Ziad Haider: U.S.-Asia Economic Ties Under Trump

July 13, 2017

Yangshan Port, near Shanghai. CREDIT: Marqueed (CC)

Podcast music: Blindhead and Mick Lexington.

DEVIN STEWART: Hi, I'm Devin Stewart here at Carnegie Council in New York City, and today I'm talking with Ziad Haider. He was the special representative for commercial and business affairs at the U.S. State Department, and he is currently a senior advisor at the Center for Strategic and International Studies (CSIS) in Washington, DC.

Ziad, thank you very much for speaking with us today.

ZIAD HAIDER: Thank you very much, Devin.

DEVIN STEWART: Ziad, can you give us a sense based on your expertise of U.S.-Asia affairs and trade policy, what do you make of the U.S.'s general strategy in Asia given China's rising influence?

ZIAD HAIDER: The way I often think about this is that Asia is a region that is of central importance to U.S. strategic and economic interests. If you just look at the size of the markets from a commercial point of view, if you look at the range of treaty allies we have over there from a security point of view, if you look at some of the challenges that we're facing in the region, for example, from the Democratic People's Republic of Korea (DPRK/North Korea), and also if you look at the opportunities in terms of real opportunities for U.S. companies and the fact that nearly seven of our top 10-to-15 trade partners are in the region, it's a region that is going to be, and must remain, at the fore of our minds in the 21st century.

Having said that, as someone who has spent his time at the State Department in the economics part of the building, I think there is oftentimes a very heavy focus on the security side of the equation, and there is a lot of thoughtful work and analysis that goes on in the interagency about our security posture, be it DPRK or South China Sea, you name it. What oftentimes seems to be missing is a similar weaving together of what is the U.S. economic strategy in Asia.

I think that is something that we need to really think hard about because what you have right now in the region is China as a rising power that is articulating just such a broad geoeconomic vision. The most concrete manifestation of that right now is China's One Belt, One Road initiative (BRI), which is a sweeping infrastructure and connectivity initiative that has land routes cutting across Central Asia into Europe, maritime routes extending to Southeast Asia, Africa, up to Europe. The Chinese have said they are going to pour a trillion dollars of financing into this. They are clearly getting high-level support around the world. For example,in May in Beijing, President Xi hosted a summit attended by 29 heads of state, 1,200 delegates, 100 governments represented. The Trump administration did send the senior director for Asia, Matt Pottinger, to the summit.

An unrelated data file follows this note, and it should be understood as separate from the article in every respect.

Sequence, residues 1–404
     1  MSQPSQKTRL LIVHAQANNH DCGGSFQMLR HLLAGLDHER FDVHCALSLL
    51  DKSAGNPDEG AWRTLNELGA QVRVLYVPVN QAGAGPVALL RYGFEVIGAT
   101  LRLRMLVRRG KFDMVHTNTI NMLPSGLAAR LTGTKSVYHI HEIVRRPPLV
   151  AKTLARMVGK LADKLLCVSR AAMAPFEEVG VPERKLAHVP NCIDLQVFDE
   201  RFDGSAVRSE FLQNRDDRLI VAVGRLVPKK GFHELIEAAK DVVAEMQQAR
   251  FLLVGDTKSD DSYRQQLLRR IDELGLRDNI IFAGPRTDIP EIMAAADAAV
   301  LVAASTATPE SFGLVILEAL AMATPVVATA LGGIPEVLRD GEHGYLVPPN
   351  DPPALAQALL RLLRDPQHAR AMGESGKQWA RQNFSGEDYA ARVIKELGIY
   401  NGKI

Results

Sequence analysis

So fundamentally, in this post-Trans-Pacific Partnership (TPP) world where the United States has taken a step back and removed its most impactful economic initiative in the region, there is this vacuum which is being filled by China's initiatives and China's activities, and that has further reinforced this question you raised at the beginning of "what is U.S. economic strategy in Asia?" and we can certainly discuss that further in this conversation.

DEVIN STEWART: Is there a coherent strategy for the United States in East Asia on the economics front?

ZIAD HAIDER: You would be hard pressed to find a single policy document that outlines those elements. What I would say is that during the Obama administration what we tried to do was present a narrative through a series of high-level speeches. Notably, Secretary Kerry, while in Singapore in 2015, I believe, outlined this vision of U.S. and Asia partners in prosperity. The four elements that he highlighted in that speech I think very much remain core ones that we need to focus on in fleshing out the strategy in the new administration, and those four elements were trade, of course, investment, connectivity, and development.

Just to speak briefly to each of those, and also to give some texture to how we should be thinking about them now, on the trade front during the Obama years obviously the focus was on TPP, but as we also know, TPP was 12 countries in total, and there was always going to be this question of "When do we let other countries in? At what point have they met the standard?" So TPP was a big tent that we were constructing in the region. It had this magnetic pole. Even as we were talking about concluding the agreement, other countries were lining up outside.

So clearly we have removed that tent; we have diminished that magnetic effect by withdrawing from TPP. Instead, what the Trump administration is talking about is a series of bilateral deals, but that clearly doesn't have that same strategic heft and network effect that TPP would have had. So fundamentally on that element that was outlined I think we have taken a big step backward, and we need to find ourselves back into the multilateral trade game in the region, not just bilateral deals one-off.

The second element that Secretary Kerry talked about was investment. This is actually a very important story. We oftentimes think of the commercial investment side as something that our private sector is off doing and that the government shouldn't need to focus on as much, but that really is an essential part of our success and staying power in the region. Take, for example, the fact that U.S. investment in Southeast Asia, our cumulative direct investment in that region, is greater than in any other part of Asia and outstrips that of our competitors, China, Japan, and others as well.

So we have a very big footprint in terms of U.S. companies in the region, but importantly it's not just about the quantity of their investment, it's also about the quality. U.S. companies will hire local labor; they will provide local skills, they're not going to just bring their own workers from overseas, as is the case with others. So I think that narrative about U.S. investment and how do we continue to promote U.S. investment in the region needs to be an essential part of U.S. strategy. As someone who was heading up the Office of Commercial and Business Affairs at the State Department, this was a big focus of mine. In fact, we led a series of road shows consisting of U.S. tech companies in particular, to Burma, Vietnam, Indonesia, the Philippines, and four cities in India, to promote U.S. commercial ties and to promote our comparative brand, which is not so much necessarily hard infrastructure but technology and innovation.